My 33 1/3 book, on Aphex Twin's Selected Ambient Works Volume II, was the 5th bestselling book in the series in 2014. It's available at Amazon (including Kindle) and via your local bookstore. • F.A.Q.Key Tags: #saw2for33third, #sound-art, #classical, #juntoElsewhere: Twitter, SoundCloud, Instagram

Listening to art.
Playing with audio.
Sounding out technology.
Composing in code.

field notes

News, essays, reviews, surveillance

What Sound Looks Like

An ongoing series cross-posted from instagram.com/dsqt

Much has happened over time at this address, at these addresses, at this location, this building, this structure. Sure, there can be a slight sense of dislocation along any given stretch of street as odd numbers are skipped on the even side of the block, and vice versa on the opposing — how the resulting rough congruences leave open potential voids, missing numbers, interstitial spaces that prove, upon investigation, either purely hypothetical or hidden in plain sight.

But this multi-residence doorbell is something else entirely. Here there is a 1236, and then a 1238A, and also something missing, something forgotten, something erased. Where, to begin with, is the 1238 whose former presence required the “A” to be appended to a separate unit? What was the room to the right of 1236, a space now taped over, not just the label but the button itself? What’s the extra bit of tape above 1236 — what information did it exhibit? Why did 1238A get added on later, using embossed label tape, rather than appear as part of the original doorbell? And finally, what is referenced by the blue tape residue atop the brown metal strip above the buttons? Was there some previous configuration?

In any case, at some point do let the myriad inherent questions recede and take some pleasure in the happenstance construction of the object itself. Blow up the image, marvel at the various textures, and revel at the readymade, Robert Rauschenberg-seeming piece that the world — which is to say: lack of care, combined with time, combined with a need to solve some now deeply obscured problems — has served up.

An ongoing series cross-posted from instagram.com/dsqt.

Tag: / Leave a comment ]

303 + 606 = Punctum

Caterina Barbieri and Carlo Maria have their new ways with old tools.

Punctum is the duo of Caterina Barbieri and Carlo Maria working with old electronic equipment in new ways. On Remote Sensing they take their start with hallowed Roland boxes dating from the early 1980s, namely the TB-303 and the TR-606. Barbieri and Maria then pair and filter these artifacts with additional equipment. The result is heavily punctuated beats that echo with a fierce, vibrant, rhythmic intent.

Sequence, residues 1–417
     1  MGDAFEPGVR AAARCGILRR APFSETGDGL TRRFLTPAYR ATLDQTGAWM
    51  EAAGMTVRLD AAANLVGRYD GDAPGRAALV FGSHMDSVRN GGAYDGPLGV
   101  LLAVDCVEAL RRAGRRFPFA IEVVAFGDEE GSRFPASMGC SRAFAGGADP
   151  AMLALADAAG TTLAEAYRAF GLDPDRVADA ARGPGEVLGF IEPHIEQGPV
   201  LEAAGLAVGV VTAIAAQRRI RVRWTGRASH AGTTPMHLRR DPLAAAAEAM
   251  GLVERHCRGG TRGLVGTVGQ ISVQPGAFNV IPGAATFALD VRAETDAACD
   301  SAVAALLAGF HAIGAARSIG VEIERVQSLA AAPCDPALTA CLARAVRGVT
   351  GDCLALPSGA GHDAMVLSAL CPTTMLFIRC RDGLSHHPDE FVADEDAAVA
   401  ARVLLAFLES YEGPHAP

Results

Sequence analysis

On “Uncharted,” each foregrounded plunk is refracted with a sturdy, antiseptic repetition. That hard-rubbery effect is magnified on “Quick Botta,” where it provides a bottom level to an ever-rising sequence of 4/4 tribal efficiency, and on “Innocecocchito,” which is a quarter the speed and all the more chilly for it. On “Innocecocchito,” that same brittle decay is the sound of a hospital ward experienced through heavy sedation and half-dead fluorescent lights — which is to say, its glorious in its stubborn fragility.

Album available at caterinabarbieri.bandcamp.com. More from Barieri at caterinabarbieri.com and Maria at carlomaria.bandcamp.com. Image from ziguline.com.

Tag: / Leave a comment ]

What Sound Looks Like

An ongoing series cross-posted from instagram.com/dsqt


This doorbell may have begun its functional life alone on the front of the small office building. Or, perhaps from day one it shared the entrance with its two neighbors: that blank black face of the card reader and the usefully over-sized gadget providing wheelchair accessibility. Either way, the three objects have little in common except a vague adherence to form, an apparently agreed upon sense that a shallow cuboid object suspended from a facade signals “This is how you get in.” The visual confusion afforded by the additional buttons shouldn’t distract from the peculiar decision-making evidenced within the design of the doorbell itself. Note how the surveillance camera’s circular computer eye is significantly larger than the actual doorbell button itself, thus complicating the wayfinding message. In any case, somewhere along the line someone came to determine that when there are multiple interactive objects awaiting a visitor, the presence of the doorbell is diminished — hence the now worn label hand-affixed to the doorbell. There is something “Hello, My Name Is” to the ripped paper tag, what with its all-caps writing — as if the doorbell is introducing itself before the visitor does the same.